Mamet's character driven screenplay delves into the place in our souls and in our psyches, where desperation exits. The men live off of selling near useless Florida real estate, and their tool is the cold call - the hard sell. Lemmon, Pacino,and Bladwin are true masters. Gold belt senseis of the cold call. The bullcrap that they can unload is remarkable. Stream of consciousness. Lie upon lie. Smug and greasy. Pacino's monologue to the hapless gimmel Pryce, leads to tangents about pedophilia, and the stench of urine in subways. He wields a cheezy brochure of the properties like it's Shakespeare, with a picture of a fabergé egg on it. Lemmon meanwhile desperately stands in rain drenched phone booths, creating illusions to the listener like a verbal ballet. When he worms his way into one of the lead's house, he plants himself on the couch and grabs a stuffed animal he sees there. That little thing he does there, that gesture; in those 3 seconds, his character's conflict is symbolized. Though the guru to all younger than him, his decline is turning into an avalanche, ready to bury him. He is so desperate he resorts to the cheesiest, phoniest, approaches. It is heartbreaking to watch. Drama not unlike that of the great Greek tragedies of Aeschylus and Euripides. Classic human fare. Alan Arkin is slightly type-cast as the bumbling, mumbling, passive, loser. He has done it so many times. But this has to be the apex of that characterization for him. Ed Harris is so full rage, spitting venom (and literally spitting on Al Pacino during his farewell speech, his "farewell to the troops"). It is literally one of the most expletive laden tirades ever projected in mainstream cinemas. You are just waiting for his ears to smoke and his head to explode. Gut wrenching. Williamson, is subject to, by Roma and Levene, the harshest tongue whippings ever. Ferocious, nasty, derogatory. Spacey is literally humiliated by these masters of bulls**t. He most certainly gets his comeuppance; and later, a pretty nasty little service return of his own. Much is written in these reviews about the swearing in the film. Swearing, in Mamet's works, is part of the syntax of those worlds. It is almost like the curse words become subtext. It is like the plié in his abusive ballet of words. But nonetheless, umbrage can be made about this matter. It is after all, foul swearing, carpet-bombed from a writer who uses it as his key verbal motif. You simply have to accept as Mamet's artistic license and move on. It is one of those things that you simply cannot let ruin the experience for you. Mamet is widely considered one of the greatest living playwright and screenwriter in the English language. Just consider the swearing as part of the stylization of the cold-caller salesman language.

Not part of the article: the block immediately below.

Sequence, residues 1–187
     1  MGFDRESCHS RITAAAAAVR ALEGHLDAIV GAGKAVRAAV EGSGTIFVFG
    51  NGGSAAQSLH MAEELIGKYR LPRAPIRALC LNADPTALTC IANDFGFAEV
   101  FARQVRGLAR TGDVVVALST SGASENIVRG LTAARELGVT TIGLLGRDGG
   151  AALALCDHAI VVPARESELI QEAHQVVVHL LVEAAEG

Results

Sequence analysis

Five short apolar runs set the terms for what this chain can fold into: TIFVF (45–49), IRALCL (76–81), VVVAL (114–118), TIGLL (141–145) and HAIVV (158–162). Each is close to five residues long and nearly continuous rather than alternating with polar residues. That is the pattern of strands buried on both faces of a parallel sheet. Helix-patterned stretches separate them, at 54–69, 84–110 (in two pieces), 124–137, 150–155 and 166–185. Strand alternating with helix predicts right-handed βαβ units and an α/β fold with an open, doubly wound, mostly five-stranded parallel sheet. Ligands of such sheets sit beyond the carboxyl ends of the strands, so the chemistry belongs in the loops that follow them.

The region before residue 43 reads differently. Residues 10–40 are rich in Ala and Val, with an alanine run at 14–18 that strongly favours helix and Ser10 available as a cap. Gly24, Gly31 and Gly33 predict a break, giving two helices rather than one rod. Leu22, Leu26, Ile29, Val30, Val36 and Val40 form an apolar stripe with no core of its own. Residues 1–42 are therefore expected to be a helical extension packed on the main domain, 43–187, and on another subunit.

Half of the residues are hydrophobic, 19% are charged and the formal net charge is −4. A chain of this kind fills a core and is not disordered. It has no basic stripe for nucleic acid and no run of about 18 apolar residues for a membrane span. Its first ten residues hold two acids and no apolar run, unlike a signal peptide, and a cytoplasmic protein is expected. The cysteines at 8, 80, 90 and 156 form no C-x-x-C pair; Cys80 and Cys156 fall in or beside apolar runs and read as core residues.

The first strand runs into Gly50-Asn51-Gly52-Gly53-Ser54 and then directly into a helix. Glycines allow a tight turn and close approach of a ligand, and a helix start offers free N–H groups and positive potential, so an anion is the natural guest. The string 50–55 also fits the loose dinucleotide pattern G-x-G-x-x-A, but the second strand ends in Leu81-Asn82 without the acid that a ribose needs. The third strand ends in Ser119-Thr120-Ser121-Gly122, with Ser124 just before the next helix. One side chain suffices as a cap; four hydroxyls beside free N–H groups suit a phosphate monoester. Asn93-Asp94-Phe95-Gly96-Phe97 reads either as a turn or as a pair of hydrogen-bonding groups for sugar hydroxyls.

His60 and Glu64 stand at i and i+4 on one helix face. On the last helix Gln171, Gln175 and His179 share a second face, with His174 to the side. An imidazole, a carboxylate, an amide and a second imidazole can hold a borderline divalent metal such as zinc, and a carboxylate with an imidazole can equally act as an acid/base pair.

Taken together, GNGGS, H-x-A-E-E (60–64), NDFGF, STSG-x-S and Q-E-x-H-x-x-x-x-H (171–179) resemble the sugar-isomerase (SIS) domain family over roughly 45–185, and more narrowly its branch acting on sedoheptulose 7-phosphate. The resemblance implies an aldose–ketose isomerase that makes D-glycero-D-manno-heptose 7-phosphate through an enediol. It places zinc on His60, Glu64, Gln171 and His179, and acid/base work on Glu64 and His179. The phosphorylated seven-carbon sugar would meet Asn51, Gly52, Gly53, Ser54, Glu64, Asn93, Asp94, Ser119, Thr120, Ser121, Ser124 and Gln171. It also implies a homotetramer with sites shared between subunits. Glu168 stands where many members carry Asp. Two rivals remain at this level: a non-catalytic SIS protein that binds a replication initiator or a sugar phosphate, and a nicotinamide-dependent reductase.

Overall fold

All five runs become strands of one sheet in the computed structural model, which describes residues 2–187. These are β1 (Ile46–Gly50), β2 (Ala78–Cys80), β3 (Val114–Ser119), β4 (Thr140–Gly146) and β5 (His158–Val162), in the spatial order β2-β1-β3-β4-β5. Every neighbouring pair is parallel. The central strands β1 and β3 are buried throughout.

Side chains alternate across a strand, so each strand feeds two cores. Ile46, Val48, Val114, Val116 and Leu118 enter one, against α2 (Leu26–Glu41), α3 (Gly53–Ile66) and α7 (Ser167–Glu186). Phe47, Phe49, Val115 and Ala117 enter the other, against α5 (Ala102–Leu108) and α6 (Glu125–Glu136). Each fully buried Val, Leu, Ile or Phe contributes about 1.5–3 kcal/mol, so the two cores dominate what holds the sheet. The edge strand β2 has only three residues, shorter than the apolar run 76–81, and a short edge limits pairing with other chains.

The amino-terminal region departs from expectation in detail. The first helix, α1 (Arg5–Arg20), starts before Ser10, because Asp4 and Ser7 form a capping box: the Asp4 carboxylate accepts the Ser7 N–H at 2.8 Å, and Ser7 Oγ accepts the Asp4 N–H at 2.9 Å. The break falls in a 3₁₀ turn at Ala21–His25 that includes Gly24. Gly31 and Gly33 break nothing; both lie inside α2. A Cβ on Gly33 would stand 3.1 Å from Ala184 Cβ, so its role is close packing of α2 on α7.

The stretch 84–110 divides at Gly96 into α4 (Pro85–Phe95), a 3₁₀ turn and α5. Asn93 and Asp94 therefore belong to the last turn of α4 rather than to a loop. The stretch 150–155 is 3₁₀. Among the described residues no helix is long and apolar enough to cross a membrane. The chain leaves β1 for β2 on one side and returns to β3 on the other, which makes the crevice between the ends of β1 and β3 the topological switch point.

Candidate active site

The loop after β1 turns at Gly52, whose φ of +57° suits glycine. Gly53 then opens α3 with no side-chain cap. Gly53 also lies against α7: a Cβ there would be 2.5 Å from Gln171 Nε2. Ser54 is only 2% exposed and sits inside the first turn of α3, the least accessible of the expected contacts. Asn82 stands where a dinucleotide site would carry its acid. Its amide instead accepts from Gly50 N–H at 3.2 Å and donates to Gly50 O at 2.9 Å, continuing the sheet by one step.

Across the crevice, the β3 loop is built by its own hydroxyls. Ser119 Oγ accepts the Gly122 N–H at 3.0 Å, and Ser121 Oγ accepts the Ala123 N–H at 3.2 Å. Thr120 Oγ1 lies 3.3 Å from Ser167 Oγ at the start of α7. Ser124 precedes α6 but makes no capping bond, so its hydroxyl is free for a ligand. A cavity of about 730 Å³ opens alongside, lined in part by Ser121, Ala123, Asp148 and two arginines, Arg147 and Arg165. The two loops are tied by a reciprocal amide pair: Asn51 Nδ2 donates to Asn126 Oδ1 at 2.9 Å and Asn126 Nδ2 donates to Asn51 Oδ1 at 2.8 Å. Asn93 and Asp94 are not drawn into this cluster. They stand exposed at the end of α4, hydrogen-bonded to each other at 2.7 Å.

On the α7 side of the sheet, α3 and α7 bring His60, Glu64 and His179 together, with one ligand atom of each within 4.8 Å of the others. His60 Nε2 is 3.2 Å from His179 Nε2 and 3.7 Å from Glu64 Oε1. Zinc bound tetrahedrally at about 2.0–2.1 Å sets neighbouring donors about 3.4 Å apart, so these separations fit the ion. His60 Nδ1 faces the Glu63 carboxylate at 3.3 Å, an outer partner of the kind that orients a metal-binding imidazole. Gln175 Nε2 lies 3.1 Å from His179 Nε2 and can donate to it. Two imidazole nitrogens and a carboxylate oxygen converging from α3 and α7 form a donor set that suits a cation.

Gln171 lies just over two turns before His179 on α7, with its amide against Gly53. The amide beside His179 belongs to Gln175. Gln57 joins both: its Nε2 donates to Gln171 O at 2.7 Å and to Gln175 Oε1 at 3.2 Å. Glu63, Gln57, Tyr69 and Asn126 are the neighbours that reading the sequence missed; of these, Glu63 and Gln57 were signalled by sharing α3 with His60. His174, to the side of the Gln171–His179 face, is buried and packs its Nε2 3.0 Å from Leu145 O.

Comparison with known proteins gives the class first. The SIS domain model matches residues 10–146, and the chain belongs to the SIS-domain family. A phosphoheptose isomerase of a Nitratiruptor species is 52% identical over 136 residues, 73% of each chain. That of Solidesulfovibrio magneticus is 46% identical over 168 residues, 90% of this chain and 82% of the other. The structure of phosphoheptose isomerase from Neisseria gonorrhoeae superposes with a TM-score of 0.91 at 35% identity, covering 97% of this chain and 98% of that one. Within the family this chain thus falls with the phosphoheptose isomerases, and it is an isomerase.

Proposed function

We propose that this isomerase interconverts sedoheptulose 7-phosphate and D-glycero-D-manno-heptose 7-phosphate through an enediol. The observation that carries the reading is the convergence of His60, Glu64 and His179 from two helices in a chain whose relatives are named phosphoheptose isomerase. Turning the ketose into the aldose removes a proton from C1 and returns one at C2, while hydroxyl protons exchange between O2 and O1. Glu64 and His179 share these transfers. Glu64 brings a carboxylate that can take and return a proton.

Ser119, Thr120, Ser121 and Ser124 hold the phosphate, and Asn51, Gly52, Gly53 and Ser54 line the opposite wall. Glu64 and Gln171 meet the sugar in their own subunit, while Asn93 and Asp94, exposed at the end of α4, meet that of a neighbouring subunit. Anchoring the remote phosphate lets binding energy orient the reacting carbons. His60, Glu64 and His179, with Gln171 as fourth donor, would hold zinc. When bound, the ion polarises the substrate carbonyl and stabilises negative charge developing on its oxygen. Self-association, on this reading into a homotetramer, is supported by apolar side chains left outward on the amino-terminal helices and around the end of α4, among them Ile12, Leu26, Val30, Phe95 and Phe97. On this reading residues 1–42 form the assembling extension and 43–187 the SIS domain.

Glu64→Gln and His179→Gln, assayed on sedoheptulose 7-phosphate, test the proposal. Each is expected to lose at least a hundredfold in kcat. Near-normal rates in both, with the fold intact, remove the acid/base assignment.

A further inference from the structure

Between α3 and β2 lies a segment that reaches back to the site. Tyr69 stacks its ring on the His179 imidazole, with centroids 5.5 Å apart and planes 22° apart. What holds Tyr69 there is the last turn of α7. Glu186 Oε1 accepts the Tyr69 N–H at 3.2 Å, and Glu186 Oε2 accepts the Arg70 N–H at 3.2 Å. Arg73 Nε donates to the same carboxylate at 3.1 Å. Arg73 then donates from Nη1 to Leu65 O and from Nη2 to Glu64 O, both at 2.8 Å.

The narrative of Glengarry Glen Ross takes place in one evening and the next morning, and is mostly in a dingy office and a Chinese restaurant. Superbly light, and with an awesome jazz score, it has great camera moves that highlight, accent, punctuate, and round out the actors' performances. My favourite motif is the subway that rattles by - at crucial moments of crucial dialogues. It is interesting to note, that the director, James Foley, who superbly crafted this ensemble piece, never really became an A-list director. All the elements are there, perfectly and purposely assembled - the sound, the image, the performances. Perhaps, Mamet did more directing than the writer normally would? Or did the real cinema pros - the cast - just take the ball and run, literally directing the film themselves, so used to playing those roles on stage, with the exception of Pacino and Baldwin. Another note of interest, is that I have seen this film numerous times, with a variety of people, and have yet to meet a female who liked it. This seems to categorize Glengarry Glen Ross as perhaps one the more masculine, testosterone soaked, man-only films ever. Like wild male animals fighting it out in the jungles. Despite that, I say this is definitely a must see for guy and gal cinema lovers all over.